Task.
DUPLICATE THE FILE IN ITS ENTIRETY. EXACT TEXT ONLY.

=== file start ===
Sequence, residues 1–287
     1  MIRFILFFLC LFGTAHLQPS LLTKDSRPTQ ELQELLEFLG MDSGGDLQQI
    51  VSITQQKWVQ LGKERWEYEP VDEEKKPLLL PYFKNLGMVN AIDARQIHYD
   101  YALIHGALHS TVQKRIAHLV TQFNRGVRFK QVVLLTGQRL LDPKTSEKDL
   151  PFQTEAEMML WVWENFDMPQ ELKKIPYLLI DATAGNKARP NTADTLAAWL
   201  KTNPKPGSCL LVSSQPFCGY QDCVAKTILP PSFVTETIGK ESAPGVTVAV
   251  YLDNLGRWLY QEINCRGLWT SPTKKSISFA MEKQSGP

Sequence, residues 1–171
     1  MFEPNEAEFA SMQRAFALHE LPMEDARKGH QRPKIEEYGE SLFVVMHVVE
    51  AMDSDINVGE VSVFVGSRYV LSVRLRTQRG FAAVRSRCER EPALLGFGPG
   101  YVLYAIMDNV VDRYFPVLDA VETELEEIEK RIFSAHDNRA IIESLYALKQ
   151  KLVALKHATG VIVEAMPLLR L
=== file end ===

Sequence, residues 1–287
     1  MIRFILFFLC LFGTAHLQPS LLTKDSRPTQ ELQELLEFLG MDSGGDLQQI
    51  VSITQQKWVQ LGKERWEYEP VDEEKKPLLL PYFKNLGMVN AIDARQIHYD
   101  YALIHGALHS TVQKRIAHLV TQFNRGVRFK QVVLLTGQRL LDPKTSEKDL
   151  PFQTEAEMML WVWENFDMPQ ELKKIPYLLI DATAGNKARP NTADTLAAWL
   201  KTNPKPGSCL LVSSQPFCGY QDCVAKTILP PSFVTETIGK ESAPGVTVAV
   251  YLDNLGRWLY QEINCRGLWT SPTKKSISFA MEKQSGP

Sequence, residues 1–171
     1  MFEPNEAEFA SMQRAFALHE LPMEDARKGH QRPKIEEYGE SLFVVMHVVE
    51  AMDSDINVGE VSVFVGSRYV LSVRLRTQRG FAAVRSRCER EPALLGFGPG
   101  YVLYAIMDNV VDRYFPVLDA VETELEEIEK RIFSAHDNRA IIESLYALKQ
   151  KLVALKHATG VIVEAMPLLR L